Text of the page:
Learning from a pre-pandemic project standing up a Virtual Health Services business for Catholic Health Initiative (now CommonSpirit Health) – dermatology was frequently cited as a potential candidate for remote consultation. However, in reality, cameras on mobile devices or web cams at the time did not provide the resolution required to make advanced diagnoses. Even now, reliably configuring a remote consultation accounting for variations in lighting, camera positioning, and low bandwidth video resolution can still make diagnosis a challenge.

As with any new technology, clinical practice must adapt. But to adapt, clinicians need the skills, experience and knowledge to know what works and what doesn’t – picking the best parts of the new technology and weaving it seamlessly into patient care pathways for better outcomes and better patient experience.

Finally, build digital skills through a core curriculum in continuing education as well as embedded learning in the workplace

The steps above are important and necessary but only provide a short-term boost to digital skills improvement. And, in each case, the actions above can actually have the adverse effect of overriding the improved patient experience possible with remote care.

The long-term success of mHealth and remote care certainly rests on the ability of medical education establishments to provide the skills needed in the primary and secondary care workforce. The American Medical Association highlighted the need for undergraduate telemedicine courses as far back as 2016 and identified 32 US medical schools to establish formal course materials. And, in the last year, University College London has launched a free course on how to run Remote Consultations and Triage in response to the COVID-19 pandemic.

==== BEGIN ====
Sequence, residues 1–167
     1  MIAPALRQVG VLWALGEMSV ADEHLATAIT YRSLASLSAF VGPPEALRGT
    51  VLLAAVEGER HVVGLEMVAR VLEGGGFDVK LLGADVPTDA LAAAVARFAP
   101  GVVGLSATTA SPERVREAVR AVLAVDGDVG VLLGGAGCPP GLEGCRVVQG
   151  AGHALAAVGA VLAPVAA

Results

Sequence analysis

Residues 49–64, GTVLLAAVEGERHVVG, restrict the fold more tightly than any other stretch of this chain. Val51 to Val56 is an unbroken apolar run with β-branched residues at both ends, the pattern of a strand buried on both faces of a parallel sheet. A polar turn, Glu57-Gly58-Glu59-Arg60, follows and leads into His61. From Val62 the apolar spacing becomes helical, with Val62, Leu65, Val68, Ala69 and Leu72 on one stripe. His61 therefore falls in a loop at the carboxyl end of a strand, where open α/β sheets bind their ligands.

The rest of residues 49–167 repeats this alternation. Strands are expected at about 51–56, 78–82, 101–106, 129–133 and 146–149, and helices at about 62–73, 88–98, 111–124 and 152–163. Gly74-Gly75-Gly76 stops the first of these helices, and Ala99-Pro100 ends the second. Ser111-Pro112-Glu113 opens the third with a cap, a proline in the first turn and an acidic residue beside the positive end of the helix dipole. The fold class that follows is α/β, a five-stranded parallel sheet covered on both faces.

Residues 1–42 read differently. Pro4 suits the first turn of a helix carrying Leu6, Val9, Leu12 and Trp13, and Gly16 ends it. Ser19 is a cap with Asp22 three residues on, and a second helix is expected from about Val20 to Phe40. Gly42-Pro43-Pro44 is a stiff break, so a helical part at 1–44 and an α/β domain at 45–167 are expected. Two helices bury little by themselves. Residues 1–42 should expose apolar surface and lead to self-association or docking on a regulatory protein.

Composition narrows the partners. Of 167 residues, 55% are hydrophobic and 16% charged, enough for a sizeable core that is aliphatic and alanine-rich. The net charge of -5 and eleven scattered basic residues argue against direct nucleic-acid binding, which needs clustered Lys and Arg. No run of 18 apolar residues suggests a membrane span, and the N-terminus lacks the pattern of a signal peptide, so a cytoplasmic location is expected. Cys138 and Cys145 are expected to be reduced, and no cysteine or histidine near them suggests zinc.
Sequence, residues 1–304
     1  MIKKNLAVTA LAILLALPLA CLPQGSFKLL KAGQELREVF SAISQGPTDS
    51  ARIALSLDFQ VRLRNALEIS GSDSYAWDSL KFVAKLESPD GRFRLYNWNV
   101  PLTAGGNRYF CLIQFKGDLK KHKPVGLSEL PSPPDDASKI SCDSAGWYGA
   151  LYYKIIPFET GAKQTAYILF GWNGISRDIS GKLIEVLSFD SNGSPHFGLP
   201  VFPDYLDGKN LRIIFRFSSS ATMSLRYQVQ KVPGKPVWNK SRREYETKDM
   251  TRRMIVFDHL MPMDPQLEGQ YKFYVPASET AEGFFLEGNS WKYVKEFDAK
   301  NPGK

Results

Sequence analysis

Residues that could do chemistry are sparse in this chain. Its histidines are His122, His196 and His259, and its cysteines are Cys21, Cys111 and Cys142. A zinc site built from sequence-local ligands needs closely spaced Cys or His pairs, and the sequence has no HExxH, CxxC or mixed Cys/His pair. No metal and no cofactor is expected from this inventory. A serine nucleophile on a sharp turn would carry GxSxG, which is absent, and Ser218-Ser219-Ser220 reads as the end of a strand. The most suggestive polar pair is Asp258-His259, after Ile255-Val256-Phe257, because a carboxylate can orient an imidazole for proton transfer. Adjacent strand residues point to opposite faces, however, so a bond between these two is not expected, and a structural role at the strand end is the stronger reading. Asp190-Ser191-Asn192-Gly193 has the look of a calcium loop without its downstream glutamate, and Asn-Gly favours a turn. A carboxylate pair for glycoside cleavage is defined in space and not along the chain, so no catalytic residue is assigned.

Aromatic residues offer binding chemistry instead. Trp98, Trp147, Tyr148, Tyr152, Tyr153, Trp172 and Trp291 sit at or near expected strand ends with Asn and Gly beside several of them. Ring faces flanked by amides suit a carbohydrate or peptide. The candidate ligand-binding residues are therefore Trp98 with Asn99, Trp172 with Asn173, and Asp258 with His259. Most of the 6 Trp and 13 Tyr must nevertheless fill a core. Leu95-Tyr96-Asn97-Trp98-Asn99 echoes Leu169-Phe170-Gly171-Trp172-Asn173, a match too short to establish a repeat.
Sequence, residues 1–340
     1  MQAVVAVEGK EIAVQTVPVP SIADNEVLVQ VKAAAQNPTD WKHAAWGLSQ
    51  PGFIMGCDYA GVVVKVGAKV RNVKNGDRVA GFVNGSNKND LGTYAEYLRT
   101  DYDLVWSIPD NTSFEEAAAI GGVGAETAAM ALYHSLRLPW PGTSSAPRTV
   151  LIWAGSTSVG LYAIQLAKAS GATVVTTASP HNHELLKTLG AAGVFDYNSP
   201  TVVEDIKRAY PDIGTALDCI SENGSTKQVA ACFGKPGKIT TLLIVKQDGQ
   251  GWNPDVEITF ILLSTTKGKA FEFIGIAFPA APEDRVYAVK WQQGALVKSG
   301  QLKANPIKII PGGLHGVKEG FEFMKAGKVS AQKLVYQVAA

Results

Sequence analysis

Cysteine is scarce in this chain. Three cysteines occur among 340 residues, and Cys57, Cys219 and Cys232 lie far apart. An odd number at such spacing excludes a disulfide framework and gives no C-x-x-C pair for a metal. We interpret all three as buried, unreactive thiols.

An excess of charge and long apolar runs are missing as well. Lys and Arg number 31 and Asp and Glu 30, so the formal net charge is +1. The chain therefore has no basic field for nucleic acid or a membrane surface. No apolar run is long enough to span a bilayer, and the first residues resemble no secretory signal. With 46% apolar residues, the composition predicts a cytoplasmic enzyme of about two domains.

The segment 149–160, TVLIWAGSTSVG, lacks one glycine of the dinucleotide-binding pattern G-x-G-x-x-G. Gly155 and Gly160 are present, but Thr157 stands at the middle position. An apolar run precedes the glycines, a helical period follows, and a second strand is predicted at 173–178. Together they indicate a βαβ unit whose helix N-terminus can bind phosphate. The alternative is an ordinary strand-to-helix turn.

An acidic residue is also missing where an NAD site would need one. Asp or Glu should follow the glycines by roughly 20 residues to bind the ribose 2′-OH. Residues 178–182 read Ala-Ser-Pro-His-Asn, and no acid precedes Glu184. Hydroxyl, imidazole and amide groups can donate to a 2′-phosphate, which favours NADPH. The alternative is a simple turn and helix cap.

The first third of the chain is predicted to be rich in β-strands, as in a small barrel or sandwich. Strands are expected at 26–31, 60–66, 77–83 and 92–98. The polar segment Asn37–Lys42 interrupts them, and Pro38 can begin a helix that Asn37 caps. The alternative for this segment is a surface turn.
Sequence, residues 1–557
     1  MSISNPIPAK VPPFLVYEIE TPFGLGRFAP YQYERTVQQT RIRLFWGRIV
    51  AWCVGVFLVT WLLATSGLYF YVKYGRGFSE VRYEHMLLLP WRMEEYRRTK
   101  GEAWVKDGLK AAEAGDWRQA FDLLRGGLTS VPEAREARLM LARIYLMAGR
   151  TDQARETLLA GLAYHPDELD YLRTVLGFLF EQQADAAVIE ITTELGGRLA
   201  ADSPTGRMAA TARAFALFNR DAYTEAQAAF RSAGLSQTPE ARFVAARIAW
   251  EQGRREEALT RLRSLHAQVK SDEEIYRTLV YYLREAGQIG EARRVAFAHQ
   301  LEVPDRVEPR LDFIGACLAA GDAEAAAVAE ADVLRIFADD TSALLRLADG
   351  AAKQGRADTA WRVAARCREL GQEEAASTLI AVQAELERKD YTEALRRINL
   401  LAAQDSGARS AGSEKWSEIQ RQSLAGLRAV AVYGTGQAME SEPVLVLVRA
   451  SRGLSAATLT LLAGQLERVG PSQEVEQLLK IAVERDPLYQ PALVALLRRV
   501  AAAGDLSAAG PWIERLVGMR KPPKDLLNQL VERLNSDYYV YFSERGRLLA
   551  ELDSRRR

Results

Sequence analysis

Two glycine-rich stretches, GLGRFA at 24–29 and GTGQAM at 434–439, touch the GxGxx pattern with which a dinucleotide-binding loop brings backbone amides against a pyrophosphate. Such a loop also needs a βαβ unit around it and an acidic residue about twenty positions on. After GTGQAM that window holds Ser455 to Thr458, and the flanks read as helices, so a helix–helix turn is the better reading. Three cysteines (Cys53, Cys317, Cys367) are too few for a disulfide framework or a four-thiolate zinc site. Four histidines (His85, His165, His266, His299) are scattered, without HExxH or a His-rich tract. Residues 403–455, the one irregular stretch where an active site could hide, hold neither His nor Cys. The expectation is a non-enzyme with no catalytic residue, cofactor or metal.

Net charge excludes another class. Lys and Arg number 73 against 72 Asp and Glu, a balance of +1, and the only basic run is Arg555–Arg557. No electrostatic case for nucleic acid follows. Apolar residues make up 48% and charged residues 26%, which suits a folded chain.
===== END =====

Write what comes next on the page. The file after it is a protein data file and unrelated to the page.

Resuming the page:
This formal medical education is welcome and will embed a strong knowledge base in the profession. However, we’d go further to recommend a broader application of digital skills development for clinical and non-clinical staff in the workplace. This could take the form of enhanced information and instruction at the point-of-care or bite-sized skills training sessions delivered by care providers – taken a step further it may even involve augmented reality training programmes delivered alongside physical training programmes.

Ultimately though, closing a digital skills gap will require an underlying shift in attitudes, expectations and culture – recognising that digital skills are important in ensuring the end-to-end remote clinical experience is as safe and complete as it can be.